Friday 12th October
Strange noises in the night kept most of the camp awake throughout. An early morning call at 5:30am identified the source of the disturbances as zebra marauding past the camp or the procession of the campers with dodgy stomachs backwards and forwards to the facilities…or both. Our morning ablutions were viewed over by a small group of giraffe on the outskirts of the camp. Porridge for breakfast soon prepared everyone for the days trekking ahead and a prompt pack away meant we were ready to leave by 7:15am. We made excellent progress in the cool air of the early morning and spied a number of animals on our way including more giraffe, Grant’s gazelle and a multitude of birds. We made regular water stops to ensure there was no repeat of the dehydration problems of the first day and by the time we reached the welcome shade of lunch we had covered 17km and only had 1 or 2 more to go before our vehicle pickup to the next night’s camp.
A wonderful lunch of fresh pasta salads and bread was swiftly consumed and after some altercations from a passing hunter in a 4x4 regarding permits we were on our way again for the final stretch. As we reached the non-descript mark at which we were to join the support vehicles and continue on wheels three of us requested to continue further on foot. After a short discussion it was agreed this would be acceptable and so myself, Amanda and Karen along with Armani our local guide and Philemon our Maasai trekked on whilst the vehicles left us and set off for camp. We covered a good 5km in the space of a further hours walking spotting many more gazelle and buzzards before deciding to jump on the 1 remaining support vehicle and drive the final 12km. We had only gone a short distance when we caught up with the rest of the group who were waiting by the side of the road after word had reached them that camp was not quite ready.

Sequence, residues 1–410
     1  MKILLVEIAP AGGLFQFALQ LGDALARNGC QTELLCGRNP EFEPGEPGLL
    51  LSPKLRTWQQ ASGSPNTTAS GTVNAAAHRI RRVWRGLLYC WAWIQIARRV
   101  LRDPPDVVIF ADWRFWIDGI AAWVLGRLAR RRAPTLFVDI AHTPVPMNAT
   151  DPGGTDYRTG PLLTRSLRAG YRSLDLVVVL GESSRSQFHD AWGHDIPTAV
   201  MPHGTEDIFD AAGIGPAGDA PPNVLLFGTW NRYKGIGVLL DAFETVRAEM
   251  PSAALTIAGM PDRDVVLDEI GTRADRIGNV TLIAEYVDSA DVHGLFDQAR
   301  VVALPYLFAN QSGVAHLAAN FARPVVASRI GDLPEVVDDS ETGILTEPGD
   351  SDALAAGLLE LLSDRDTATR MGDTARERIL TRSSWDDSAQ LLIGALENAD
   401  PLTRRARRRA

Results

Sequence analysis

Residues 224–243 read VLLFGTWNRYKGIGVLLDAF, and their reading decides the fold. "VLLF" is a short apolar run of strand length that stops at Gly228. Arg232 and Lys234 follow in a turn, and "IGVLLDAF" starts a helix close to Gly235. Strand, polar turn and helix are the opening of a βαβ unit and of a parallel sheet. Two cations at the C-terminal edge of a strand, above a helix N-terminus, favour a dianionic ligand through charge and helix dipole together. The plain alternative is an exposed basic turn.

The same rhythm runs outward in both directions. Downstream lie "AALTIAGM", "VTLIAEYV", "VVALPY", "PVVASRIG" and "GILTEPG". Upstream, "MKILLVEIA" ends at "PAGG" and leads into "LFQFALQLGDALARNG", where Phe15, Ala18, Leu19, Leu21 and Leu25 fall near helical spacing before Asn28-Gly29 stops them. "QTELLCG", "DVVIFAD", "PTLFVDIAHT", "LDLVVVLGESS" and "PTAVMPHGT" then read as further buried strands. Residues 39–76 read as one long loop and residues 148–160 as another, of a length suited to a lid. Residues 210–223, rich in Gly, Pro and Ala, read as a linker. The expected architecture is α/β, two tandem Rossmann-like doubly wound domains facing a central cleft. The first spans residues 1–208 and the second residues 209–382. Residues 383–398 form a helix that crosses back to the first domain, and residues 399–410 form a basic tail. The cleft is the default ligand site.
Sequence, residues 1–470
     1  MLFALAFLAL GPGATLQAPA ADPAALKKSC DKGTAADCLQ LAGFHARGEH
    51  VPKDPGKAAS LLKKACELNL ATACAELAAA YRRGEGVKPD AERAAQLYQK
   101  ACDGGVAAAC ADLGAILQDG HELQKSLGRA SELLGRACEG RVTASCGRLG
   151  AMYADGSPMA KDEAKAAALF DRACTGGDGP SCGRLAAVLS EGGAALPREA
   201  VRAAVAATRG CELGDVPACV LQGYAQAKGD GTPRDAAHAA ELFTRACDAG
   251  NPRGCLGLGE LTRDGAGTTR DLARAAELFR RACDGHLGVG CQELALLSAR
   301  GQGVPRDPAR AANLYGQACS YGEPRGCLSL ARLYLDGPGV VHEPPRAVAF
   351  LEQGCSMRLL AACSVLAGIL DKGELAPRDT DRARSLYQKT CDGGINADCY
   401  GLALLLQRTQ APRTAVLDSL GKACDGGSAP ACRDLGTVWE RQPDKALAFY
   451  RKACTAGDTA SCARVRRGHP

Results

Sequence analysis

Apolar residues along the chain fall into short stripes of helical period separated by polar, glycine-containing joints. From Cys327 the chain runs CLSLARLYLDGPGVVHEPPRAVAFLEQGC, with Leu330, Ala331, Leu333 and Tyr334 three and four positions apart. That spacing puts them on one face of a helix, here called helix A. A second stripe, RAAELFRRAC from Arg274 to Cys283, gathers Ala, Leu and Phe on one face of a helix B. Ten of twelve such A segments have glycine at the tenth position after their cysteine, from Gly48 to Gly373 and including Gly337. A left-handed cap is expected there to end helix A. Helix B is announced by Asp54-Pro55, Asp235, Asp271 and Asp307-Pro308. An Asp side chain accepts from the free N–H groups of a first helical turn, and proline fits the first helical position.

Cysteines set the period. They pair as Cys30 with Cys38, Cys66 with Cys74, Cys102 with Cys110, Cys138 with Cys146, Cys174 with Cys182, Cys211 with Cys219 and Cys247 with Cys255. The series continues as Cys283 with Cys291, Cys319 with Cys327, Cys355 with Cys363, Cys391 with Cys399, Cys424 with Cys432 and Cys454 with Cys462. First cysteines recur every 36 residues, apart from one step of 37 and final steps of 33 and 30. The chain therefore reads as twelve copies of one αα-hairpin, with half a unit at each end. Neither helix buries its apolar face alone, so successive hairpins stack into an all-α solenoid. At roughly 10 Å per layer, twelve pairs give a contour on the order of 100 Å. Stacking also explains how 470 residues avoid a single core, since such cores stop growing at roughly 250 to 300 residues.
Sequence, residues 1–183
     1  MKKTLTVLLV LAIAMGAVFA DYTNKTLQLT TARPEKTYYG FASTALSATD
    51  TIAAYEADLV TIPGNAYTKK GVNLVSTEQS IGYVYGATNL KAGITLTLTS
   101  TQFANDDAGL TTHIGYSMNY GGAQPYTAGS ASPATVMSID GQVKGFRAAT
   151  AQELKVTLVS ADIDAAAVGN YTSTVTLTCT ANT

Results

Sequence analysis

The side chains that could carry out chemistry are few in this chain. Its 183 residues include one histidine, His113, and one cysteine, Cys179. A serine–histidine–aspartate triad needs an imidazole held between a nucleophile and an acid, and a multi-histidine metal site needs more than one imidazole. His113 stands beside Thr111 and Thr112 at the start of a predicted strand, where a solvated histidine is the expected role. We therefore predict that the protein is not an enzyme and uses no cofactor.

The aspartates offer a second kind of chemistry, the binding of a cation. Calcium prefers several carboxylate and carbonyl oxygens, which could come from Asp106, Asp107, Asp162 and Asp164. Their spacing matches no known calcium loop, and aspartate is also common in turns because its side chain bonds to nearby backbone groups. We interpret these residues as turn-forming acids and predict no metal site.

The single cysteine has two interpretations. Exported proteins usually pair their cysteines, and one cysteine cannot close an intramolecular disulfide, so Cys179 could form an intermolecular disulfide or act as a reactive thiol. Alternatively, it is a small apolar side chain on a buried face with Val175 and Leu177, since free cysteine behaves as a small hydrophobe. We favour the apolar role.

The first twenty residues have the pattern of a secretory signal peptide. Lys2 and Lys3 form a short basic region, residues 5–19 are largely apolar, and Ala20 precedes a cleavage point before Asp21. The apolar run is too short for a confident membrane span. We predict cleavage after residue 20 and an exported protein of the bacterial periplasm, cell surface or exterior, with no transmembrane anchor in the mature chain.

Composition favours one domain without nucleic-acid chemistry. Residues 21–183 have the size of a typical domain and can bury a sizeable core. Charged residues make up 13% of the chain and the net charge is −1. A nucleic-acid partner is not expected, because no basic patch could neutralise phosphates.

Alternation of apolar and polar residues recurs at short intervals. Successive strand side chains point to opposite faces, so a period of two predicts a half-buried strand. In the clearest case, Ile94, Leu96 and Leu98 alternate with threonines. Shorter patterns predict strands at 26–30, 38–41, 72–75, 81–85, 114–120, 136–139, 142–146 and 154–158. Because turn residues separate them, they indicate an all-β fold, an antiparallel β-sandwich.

Eventually we were on our way and our disappointment at not being able to walk the complete distance to camp (some 40kms in
the day) was turned to relief as we began a steady but significant climb to our camp high in the hills above the village of Gelai and near the sacred Maasai mountain Ol Doinyo Lengai, an active volcano which had in recent months started spewing ash and smoke again.
Whilst the majority of us soothed our feet in warm water and drunk cold beer we were entertained before dinner by somewhat reluctant Maasai dancers from the local village who put on a half-show of sorts. After dinner we again made use of the camp fire before turning in for a good nights rest before our final day of trekking tomorrow.